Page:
A few drinks may not seem to leave a big impact, but there are a number of effects that alcohol can have on the average driver. The National Highway Traffic Safety Administration (NHTSA) cites four ways in which alcohol can affect your driving capabilities, the first being judgment. Adding alcohol to your system can alter your sense of judgment, in turn leading you to go 20 mph over the speed limit, blow a red light, and more. Your vision is also impaired, making it challenging to see traffic lane lines, speed limit signs, and the distance between you and the cars around you. Your reaction time will be delayed as well, making it very likely that you will be unable to properly react to all of the unpredictable occurrences that can happen while on the road. Finally, your ability to perceive color can also be affected. You may struggle to tell the difference between green, yellow, and red lights, which can easily lead to a dangerous accident. 


Atascosa County criminal defense attorney DWI

Attending holiday parties is often the highlight of the year. Whether you are celebrating with coworkers, seeing distant family members, or enjoying yourself at home, alcoholic beverages are bound to be present and potentially consumed in excess. While there is nothing wrong with enjoying the holiday season, some drivers may place others at risk by drinking before getting behind the wheel. Holiday gatherings look a bit different this year; some have opted to cancel their gatherings, others have reduced the number of people invited to the party, while many have decided against joining the annual party altogether. Because large gatherings have been strongly cautioned or completely off-limits for almost a year now, the opportunity to have some fun may lead to overindulgence and poor decisions. The Texas Department of Safety (DPS) recognizes the annual holiday threat of speeding and intoxicated drivers, especially during these unprecedented times, and is honing its focus on keeping roads safe.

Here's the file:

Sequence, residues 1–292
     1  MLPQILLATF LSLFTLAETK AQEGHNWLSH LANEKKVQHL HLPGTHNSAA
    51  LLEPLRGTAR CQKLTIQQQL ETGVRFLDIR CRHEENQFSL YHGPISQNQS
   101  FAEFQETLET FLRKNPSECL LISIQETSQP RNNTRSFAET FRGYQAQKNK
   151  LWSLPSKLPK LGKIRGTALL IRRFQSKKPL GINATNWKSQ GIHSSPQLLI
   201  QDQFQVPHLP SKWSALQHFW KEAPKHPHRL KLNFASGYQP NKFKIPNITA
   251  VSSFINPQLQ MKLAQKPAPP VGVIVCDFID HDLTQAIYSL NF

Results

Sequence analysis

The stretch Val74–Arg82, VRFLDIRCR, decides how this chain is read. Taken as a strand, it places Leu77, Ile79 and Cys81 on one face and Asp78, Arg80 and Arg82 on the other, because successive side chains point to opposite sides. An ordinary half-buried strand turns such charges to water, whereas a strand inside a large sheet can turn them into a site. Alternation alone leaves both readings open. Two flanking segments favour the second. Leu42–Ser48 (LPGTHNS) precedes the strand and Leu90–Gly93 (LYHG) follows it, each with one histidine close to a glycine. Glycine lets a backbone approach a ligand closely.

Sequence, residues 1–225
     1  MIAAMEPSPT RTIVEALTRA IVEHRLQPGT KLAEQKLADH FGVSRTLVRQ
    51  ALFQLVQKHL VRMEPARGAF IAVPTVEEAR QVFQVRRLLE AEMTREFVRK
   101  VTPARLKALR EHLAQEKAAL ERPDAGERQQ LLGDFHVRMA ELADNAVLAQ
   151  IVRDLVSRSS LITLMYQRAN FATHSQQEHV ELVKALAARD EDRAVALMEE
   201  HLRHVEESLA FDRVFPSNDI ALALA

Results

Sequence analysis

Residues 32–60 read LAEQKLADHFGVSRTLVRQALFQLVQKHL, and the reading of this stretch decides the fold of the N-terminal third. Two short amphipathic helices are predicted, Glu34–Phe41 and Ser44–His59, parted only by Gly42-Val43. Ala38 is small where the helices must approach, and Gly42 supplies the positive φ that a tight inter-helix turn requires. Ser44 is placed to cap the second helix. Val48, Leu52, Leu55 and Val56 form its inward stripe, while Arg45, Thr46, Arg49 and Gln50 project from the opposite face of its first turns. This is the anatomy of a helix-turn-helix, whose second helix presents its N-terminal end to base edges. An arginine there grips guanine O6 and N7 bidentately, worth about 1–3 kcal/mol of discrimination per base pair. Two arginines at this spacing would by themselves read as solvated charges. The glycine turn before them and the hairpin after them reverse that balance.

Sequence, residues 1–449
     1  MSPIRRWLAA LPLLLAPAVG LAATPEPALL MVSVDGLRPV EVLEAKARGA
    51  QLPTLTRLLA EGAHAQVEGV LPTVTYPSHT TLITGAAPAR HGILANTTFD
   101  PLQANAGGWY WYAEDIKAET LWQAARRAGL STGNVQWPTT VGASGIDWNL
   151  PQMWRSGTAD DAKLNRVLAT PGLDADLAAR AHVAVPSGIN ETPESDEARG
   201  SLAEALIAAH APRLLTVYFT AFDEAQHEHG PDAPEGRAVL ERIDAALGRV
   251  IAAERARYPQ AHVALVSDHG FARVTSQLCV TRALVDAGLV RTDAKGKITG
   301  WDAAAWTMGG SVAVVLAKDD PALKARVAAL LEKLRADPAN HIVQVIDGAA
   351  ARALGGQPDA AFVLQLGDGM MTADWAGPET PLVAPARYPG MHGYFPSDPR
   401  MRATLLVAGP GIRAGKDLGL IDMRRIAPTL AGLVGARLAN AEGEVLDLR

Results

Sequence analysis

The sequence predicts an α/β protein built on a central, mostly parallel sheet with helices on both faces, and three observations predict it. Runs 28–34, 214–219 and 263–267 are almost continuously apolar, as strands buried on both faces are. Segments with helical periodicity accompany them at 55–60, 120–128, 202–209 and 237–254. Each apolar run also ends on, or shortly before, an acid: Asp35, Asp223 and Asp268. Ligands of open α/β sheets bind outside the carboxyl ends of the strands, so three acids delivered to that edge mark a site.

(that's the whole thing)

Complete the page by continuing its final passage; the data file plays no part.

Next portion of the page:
Unfortunate Holiday Statistics

Holidays have consistently been a high time for severe accidents. According to the Texas Department of Transportation, there were a total of 24 fatalities within a 30-hour period surrounding New Year’s in 2019—not counting the additional accidents that lead to injuries rather than death. Surprisingly, Memorial Day and Fourth of July racked up the most fatalities when compared to other holidays throughout 2019. This year, law enforcement is on high alert as the pandemic reduced the number of parties throughout the year, leading to even more anticipation—and likely celebrating—in the upcoming winter holidays. According to news reports from December 22, Austin surpassed the total number of people killed on area roadways in 2019, with 89 fatalities before the Christmas and New Year’s Eve celebrations this year.